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Dunedin support workers rallied together in protest yesterday to fight against poor working conditions and they say the lives of clients are at stake.
The protest took place outside the office of Dunedin Labour MP and former health minister Dr David Clark, in Great King St, and was one of many around the country.
The rally called for an urgent pay rise for support sector workers, including in aged-care facilities, disability support, mental health and other roles.
The industry has legislation that sets the wages of workers according to their qualifications and experience. It expires at the end of June.
New Zealand Nurses Organisation president Anne Daniels said aged care facilities were closing due to a lack of staff.
There were thousands of vacancies around the country and clients were not getting the level of care they needed.
The few workers that remained had a hugely increased workload for no extra pay.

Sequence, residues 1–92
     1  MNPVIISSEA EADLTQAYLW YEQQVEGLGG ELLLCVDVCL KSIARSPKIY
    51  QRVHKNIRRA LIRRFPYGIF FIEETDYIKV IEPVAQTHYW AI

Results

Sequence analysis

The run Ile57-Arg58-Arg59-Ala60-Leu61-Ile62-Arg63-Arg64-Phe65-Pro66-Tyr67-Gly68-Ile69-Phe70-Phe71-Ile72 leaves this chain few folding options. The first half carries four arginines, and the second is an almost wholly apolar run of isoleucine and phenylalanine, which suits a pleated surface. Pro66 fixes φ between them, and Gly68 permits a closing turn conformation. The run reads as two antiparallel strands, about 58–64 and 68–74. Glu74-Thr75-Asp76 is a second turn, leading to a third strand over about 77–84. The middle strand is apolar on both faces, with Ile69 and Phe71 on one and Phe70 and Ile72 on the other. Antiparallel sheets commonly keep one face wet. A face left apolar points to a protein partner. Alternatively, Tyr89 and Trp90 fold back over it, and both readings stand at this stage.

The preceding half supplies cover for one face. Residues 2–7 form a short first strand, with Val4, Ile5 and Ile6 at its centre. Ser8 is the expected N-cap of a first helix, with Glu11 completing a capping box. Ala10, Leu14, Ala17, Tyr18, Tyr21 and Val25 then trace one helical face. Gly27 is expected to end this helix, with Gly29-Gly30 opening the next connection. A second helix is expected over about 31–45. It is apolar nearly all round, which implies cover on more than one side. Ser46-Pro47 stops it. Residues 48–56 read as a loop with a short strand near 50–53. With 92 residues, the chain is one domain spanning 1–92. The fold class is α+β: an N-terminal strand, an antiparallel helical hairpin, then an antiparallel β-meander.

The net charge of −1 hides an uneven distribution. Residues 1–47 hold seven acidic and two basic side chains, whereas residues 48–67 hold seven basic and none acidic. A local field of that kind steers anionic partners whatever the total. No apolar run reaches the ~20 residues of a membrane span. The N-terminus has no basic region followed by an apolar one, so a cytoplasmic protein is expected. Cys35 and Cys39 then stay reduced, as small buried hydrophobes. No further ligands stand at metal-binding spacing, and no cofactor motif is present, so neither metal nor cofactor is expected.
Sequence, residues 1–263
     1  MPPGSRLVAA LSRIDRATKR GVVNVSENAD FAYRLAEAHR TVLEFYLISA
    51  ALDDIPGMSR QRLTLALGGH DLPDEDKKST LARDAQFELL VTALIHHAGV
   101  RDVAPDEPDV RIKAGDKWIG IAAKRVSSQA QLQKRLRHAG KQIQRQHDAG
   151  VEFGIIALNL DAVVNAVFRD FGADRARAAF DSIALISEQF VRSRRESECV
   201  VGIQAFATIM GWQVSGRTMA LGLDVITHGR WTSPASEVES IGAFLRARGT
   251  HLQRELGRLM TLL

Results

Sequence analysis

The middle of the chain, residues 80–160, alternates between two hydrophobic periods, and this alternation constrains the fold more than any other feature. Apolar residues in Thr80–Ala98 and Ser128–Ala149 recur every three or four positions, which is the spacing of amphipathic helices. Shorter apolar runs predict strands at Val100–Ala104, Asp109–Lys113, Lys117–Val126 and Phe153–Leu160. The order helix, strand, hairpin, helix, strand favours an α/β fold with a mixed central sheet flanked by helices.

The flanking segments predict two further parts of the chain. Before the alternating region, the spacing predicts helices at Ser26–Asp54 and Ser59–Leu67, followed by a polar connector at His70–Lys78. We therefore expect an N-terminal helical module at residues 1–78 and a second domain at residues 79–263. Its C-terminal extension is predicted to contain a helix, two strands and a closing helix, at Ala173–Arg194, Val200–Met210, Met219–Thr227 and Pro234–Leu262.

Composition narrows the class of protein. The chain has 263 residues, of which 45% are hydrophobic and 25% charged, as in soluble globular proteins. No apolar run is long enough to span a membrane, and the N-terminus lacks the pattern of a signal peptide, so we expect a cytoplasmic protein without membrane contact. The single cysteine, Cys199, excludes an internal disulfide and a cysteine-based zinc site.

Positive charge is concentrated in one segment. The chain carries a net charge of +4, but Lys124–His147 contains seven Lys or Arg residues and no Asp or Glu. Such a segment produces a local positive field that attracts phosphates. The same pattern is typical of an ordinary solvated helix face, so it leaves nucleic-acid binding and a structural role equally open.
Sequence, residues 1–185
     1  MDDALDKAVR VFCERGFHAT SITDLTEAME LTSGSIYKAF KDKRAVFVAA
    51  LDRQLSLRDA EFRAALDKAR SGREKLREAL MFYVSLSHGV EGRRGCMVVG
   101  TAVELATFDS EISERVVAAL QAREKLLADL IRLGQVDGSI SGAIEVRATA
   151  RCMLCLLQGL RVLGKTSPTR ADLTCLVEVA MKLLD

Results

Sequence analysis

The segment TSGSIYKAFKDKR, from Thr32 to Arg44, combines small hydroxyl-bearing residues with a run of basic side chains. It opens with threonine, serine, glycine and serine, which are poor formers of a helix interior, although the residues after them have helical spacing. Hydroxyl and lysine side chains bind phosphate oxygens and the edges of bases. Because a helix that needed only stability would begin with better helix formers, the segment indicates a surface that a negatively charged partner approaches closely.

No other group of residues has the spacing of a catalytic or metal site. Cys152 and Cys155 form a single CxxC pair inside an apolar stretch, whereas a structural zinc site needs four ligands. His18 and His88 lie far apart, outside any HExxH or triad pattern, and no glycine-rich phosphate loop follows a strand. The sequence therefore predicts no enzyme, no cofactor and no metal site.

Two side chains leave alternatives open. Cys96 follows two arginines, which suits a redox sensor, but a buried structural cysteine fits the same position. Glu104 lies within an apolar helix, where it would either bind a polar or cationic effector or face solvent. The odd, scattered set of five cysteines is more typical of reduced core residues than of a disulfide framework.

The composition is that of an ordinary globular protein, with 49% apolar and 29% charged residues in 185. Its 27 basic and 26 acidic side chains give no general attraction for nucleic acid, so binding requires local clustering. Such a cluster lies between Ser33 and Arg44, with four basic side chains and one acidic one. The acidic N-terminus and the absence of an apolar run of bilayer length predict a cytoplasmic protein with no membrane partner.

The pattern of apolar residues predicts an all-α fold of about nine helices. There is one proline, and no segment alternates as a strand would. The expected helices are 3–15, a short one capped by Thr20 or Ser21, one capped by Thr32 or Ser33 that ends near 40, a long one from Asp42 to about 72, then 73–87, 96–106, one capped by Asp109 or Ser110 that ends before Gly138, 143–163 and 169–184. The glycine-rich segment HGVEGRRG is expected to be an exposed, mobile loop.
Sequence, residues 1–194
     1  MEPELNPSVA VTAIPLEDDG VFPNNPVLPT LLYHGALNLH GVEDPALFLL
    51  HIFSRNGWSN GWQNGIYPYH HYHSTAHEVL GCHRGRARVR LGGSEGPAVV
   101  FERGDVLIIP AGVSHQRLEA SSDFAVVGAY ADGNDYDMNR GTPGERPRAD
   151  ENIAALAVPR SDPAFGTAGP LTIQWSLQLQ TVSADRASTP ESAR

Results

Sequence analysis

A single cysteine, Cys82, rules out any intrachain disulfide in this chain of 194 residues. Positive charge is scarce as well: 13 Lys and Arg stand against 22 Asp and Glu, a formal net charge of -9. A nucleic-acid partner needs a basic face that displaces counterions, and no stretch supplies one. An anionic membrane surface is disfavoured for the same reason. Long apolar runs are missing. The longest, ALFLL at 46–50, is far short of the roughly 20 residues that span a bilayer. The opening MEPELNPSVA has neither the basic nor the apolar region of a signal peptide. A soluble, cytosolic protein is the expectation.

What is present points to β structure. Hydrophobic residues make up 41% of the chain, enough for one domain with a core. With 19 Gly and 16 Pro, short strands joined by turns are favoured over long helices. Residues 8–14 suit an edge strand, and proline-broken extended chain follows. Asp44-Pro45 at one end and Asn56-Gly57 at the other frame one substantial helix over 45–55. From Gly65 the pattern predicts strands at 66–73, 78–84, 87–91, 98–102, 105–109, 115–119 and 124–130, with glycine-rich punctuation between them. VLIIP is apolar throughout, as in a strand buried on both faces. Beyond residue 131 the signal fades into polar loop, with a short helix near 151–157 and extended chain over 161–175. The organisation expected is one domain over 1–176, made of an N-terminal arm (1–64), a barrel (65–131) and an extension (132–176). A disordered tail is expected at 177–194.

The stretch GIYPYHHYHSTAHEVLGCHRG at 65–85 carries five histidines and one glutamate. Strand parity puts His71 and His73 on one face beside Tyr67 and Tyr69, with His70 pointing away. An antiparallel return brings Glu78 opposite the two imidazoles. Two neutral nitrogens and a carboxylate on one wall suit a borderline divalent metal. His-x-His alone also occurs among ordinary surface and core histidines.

"If you are tired and exhausted you make mistakes."
With fewer aged care facilities, those in need would not get the care needed to survive.
"People will die, it’s that simple," she said.
Support worker Sara Jefferson said failures in communication caused stress among workers and often left clients without care.
Workers often had their leave ignored or covered day by day and there was regularly a shortage of staff.
Many clients needing support to survive fell through the cracks, Ms Jefferson said.
They would be expecting support at the scheduled time, but no worker would be issued to come and see to them.
The sentiment was backed up by home support worker Rebecca Miller, who said the job no longer appealed to young people due to the bad conditions and poor pay.
Support facilities struggled to find staff. Those employed rarely got regular hours.
Grey Power Otago president Jo Millar said fixing the broken support system should be on the top of the Government’s list.
The system had been deteriorating for many years.
"You cannot blame Covid."
If things continued as they were people who would normally be able to function with care at home would need to be moved to hospitals.
It was also an issue with the constantly ageing population, as people in their 80s needed more care than those in their 70s.
More people needed care, but there were not more staff.
"If we don’t get this care the hospitals will not cope."